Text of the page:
To the gunman who bloodied Parliament Hill yesterday: thank you for making a statement.
Actually, you made several statements. But are they the ones you meant to make?
Whenever someone famously and violently takes a life, I wonder what brought the perpetrator to think that killing another human is the best option.
What did you intend to accomplish? Since you’re dead – and you surely knew that was a likely outcome – we can’t ask you.
Currently, we know you were born Canadian. You had a criminal record. You had long black hair and wore a scarf with a distinctive pattern. You were disconnected from your parents.
Maybe you idolized ISIL and wanted to commit “heroic” terror.
Maybe the violence that killed Warrant Officer Patrice Vincent inspired you.
Maybe you suffered from mental illness and needed to destroy something.
Maybe you wanted to see how much panic you could kindle.
Maybe you think guns are awesome, and wanted to shoot stuff like a tough guy.
Unfortunately for you, the intended meaning of your statement is unclear.
However, your ill-conceived, muddled message did do something for Canada.
You didn’t succeed in panicking the country. You didn’t unite us in hatred. You didn’t reveal us to be passive.
You made the nation think, instigating a productive, earnest discussion. Today, more than on any Remembrance Day or Election Day in memory, Canadians are soberly pondering what Canada is, and what we want it to be.
Yes, there are citizens using you to justify their personal Islamophobia – for which moderate, peaceful Muslim-Canadians certainly aren’t thanking you.
But mostly, I see thoughtful questions, careful consideration, and a calm pride born of remembering what makes our home special.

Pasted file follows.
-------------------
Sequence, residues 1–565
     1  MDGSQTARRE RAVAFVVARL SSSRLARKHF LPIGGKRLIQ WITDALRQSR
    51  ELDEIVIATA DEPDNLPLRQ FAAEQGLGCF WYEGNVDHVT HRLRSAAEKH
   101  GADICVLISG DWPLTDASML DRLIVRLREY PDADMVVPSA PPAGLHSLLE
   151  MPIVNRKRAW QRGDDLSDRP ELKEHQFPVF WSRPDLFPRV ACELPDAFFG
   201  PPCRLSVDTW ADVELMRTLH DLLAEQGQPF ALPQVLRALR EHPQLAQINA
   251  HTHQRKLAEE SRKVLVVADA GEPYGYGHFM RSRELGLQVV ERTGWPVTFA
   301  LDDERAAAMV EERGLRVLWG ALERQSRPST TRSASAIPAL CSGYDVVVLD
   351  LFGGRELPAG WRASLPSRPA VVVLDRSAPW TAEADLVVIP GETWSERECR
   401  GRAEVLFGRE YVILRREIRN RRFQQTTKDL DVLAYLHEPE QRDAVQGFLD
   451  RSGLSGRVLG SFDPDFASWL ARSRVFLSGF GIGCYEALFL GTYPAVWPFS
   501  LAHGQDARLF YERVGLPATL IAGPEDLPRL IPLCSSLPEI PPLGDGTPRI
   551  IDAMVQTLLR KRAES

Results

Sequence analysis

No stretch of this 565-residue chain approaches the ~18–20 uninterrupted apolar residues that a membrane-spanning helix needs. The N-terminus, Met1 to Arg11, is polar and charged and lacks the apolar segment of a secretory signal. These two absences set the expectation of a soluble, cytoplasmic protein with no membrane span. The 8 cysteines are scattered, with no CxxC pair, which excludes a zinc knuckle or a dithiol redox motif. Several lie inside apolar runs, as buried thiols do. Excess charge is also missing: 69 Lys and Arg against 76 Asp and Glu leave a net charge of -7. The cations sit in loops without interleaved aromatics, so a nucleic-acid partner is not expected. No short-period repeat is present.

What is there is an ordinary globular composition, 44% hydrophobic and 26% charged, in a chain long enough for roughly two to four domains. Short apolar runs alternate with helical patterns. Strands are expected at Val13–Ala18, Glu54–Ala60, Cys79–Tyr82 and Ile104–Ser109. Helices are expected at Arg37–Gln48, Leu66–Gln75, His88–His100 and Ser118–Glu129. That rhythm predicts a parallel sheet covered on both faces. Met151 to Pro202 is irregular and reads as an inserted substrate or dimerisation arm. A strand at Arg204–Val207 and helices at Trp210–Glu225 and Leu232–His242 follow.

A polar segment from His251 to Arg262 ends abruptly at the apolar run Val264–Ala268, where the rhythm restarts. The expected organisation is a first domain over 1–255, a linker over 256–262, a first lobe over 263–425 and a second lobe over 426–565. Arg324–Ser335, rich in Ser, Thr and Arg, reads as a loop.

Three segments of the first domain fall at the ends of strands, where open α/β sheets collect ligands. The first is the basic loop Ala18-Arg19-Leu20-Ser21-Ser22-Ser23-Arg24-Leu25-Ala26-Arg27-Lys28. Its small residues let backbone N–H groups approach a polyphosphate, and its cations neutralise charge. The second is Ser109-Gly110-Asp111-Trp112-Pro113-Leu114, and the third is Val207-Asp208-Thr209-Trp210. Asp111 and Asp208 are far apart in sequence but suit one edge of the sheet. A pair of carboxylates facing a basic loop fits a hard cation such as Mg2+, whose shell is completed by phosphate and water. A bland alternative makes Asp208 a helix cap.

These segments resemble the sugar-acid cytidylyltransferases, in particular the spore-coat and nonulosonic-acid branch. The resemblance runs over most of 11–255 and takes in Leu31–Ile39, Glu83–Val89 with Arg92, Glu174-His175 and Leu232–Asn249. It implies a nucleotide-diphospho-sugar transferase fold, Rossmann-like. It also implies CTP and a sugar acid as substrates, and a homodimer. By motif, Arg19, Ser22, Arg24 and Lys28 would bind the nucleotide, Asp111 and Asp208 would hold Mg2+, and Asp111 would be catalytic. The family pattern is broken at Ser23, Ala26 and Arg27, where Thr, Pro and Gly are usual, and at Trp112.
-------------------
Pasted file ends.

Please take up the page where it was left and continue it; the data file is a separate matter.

You’ve reminded us how extraordinary and beautiful it is that our government buildings have been simply open to the public all this time. We’re noticing the deep symbolism of soldiers guarding our national war memorial, unarmed. Because Canadians know that more guns do not equal more freedom, we affirm that our openness is not naïveté – we have chosen it; we cherish it.
You’ve demonstrated that cowardly violence does not necessarily result in a hysterical, aggrandized media frenzy; our CBC did us proud with calm, pragmatic reporting throughout the lockdown – no fear-mongering or jumping to conclusions. Twitter and Facebook followers philosophically discussed CBC’s questions “Is Canada changing? Has it already changed?”
We’re talking about justice, and whether our justice system is there for its people – when dramatic quasi-political deeds turn tragic; when acts of hatred go unchecked; when Aboriginal women go missing; when abuses of power go unabated; when environmental destruction goes unpunished. Our system is flawed, but we know justice is a process. We’re unwilling to abandon rational thinking for alarmism.
I admit I’m really sad about what you did. It hit our family close to home. My husband and several longtime friends were formerly Argyll reservists. In a slightly shifted reality, your victim could have been one of them. And obviously, the death of Corporal Nathan Cirillo represents the two worst parental nightmares: loss of a son, and loss of your child’s father. It is a heartbreaking tragedy.
I’m sad for you, too. Your life also ended yesterday, and while Cirillo’s death was clearly not in vain, I believe yours was. When you committed your life to hatred, you wasted it. You and Cirillo were young Canadians with the potential for remarkable lives in this country – and you ended them both far too early.
I’m also sad that you’ve further complicated an already-thorny question. As a pacifist, I’m distraught by ISIL’s atrocities, struggling with my belief that war is not the answer. I don’t want Canadian soldiers “taking a combat role” (read “killing people”) when the killing is so gargantuan already. Your twisted message has strangely strengthened both sides of this national argument.
Thank goodness Canadians have kept their wits.
Right now, they are sending caring, hopeful messages to each other, tweeting their most beautiful perspectives of Ottawa; Canada’s leaders of all political stripes are embracing each other; citizens are engaging in free expression.
And love. In Canada and abroad, people are nullifying your vitriol, defiantly scattering LOVE to the four winds, knowing it’s the more powerful force.
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